The coastal areas

May 30th – we rented an 8 seater van with the intention to travel towards Sendai to see some of the coastal areas that had been completely destroyed.  As we are on the Tsunami Debris leg of the voyage we thought it would be a good opportunity to see the actual start point.  It was an incredibly heavy day and we all felt this seeing the absolute obliteration of some of the coastal communities.  Driving for kilometers and seeing nothing but house foundations was incredibly sad.  Thousands of homes and communities just gone.  We saw mountains of debris some partially sorted others piled 10s of metres high just waiting for something to happen to them but slowly being taken over by plants and grass.  Birds standing sentry on jutting out pieces of metal watching over the personal property of thousands of unknown people.   The amount of work that must have been done to make these gigantic piles of debris and clear kilometers of land is incredible.
We went to a fishing village and the sights we saw will stay with me forever.  Walking around the foundation remains of these traditional houses identifying the different rooms by the flooring, we could see scattered around the personal effects.  A child’s shoe, a screwdriver, broken crockery … it was incredibly sad.  The image below struck me.  The fishing line of the village fisherman was tangled in the bushes and debris and served as a reminder of the people who lived here but also like cobwebs marking the passage of time since the community was destroyed.  There was a lone Kite/Eagle circling overhead as we were there and you could feel the sense of tragedy.  None of us spoke much as we hopped back in the car to continue on.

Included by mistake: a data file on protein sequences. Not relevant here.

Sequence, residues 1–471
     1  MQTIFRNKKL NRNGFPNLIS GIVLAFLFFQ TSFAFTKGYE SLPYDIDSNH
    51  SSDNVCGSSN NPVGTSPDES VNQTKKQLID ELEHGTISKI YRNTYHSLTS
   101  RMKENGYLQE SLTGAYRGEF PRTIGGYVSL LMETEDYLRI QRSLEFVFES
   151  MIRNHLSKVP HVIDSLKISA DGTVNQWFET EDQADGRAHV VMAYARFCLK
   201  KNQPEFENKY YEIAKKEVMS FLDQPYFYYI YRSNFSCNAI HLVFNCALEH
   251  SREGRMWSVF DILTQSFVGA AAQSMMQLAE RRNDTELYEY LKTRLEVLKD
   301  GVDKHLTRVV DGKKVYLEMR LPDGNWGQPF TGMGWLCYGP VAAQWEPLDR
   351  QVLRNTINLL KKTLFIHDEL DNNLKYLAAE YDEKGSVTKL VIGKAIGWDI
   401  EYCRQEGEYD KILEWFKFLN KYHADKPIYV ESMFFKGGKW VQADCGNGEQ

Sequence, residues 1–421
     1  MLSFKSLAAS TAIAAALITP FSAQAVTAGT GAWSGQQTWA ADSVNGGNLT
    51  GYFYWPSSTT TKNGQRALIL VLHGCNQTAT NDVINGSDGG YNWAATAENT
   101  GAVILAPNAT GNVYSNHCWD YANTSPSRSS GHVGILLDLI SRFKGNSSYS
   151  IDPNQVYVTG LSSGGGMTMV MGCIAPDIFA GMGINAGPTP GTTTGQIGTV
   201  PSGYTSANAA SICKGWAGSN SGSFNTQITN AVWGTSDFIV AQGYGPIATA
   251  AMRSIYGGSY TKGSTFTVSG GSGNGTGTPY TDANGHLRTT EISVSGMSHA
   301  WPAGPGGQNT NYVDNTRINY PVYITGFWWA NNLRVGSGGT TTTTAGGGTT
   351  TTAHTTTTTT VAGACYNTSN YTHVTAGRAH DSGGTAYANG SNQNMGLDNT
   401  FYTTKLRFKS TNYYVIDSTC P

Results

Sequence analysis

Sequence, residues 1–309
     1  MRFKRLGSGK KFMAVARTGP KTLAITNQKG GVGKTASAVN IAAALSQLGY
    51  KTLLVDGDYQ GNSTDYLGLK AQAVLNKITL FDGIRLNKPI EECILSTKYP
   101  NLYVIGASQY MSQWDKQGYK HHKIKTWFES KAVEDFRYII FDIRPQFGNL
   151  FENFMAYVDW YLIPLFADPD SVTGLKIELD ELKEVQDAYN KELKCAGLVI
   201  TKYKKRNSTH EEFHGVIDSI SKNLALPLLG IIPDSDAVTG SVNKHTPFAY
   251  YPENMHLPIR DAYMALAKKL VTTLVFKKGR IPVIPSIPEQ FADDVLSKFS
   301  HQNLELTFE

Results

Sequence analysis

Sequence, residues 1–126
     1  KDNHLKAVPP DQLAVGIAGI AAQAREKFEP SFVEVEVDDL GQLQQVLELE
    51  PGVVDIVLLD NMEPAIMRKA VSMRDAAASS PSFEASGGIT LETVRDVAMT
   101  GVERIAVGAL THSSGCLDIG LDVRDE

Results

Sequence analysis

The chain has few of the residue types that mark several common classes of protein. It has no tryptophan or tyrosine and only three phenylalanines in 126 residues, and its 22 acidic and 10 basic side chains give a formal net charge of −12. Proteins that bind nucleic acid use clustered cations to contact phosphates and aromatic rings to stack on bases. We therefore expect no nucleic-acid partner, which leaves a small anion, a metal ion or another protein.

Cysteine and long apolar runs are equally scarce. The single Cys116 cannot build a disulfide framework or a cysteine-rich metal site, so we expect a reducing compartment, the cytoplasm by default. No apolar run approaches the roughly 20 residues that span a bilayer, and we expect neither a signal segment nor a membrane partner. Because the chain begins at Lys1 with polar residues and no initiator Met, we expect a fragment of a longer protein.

We found a beach around Gizomori that had been partially cleaned but there was still obvious remains of detritus and reminders.  The road we travelled on to get to the beach was new and we could see twisted rails from the roadside embedded in the sand.  There were also multi tonne blocks of concrete strewn on the beach like they weighed nothing.  The immense power of the ocean to move these blocks is awesome.  The seawall had been breached and there were tree trunks and house frames on the sand.  We found a lot of children’s toys among the beach debris.  The house that was 4 m higher than the beach had been rebuilt next to the site where the previous house had been ripped from its foundations.  I honestly don’t know how you could live through something as terrifying as that tsunami and rebuild your house in the same place.

We have incredible respect for the Japanese people to live through this event and still be smiling and positive.  The amount of work to start to rebuild these areas is phenomenal.  So much has been done but so much still needs to be done.
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